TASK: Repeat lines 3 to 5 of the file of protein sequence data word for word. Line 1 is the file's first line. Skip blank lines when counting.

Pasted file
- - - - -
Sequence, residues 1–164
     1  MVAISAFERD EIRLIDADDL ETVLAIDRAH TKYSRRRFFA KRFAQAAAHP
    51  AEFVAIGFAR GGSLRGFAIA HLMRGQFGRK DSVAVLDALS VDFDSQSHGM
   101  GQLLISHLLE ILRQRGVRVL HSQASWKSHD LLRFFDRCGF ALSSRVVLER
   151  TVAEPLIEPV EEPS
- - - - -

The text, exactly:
    51  AEFVAIGFAR GGSLRGFAIA HLMRGQFGRK DSVAVLDALS VDFDSQSHGM
   101  GQLLISHLLE ILRQRGVRVL HSQASWKSHD LLRFFDRCGF ALSSRVVLER
   151  TVAEPLIEPV EEPS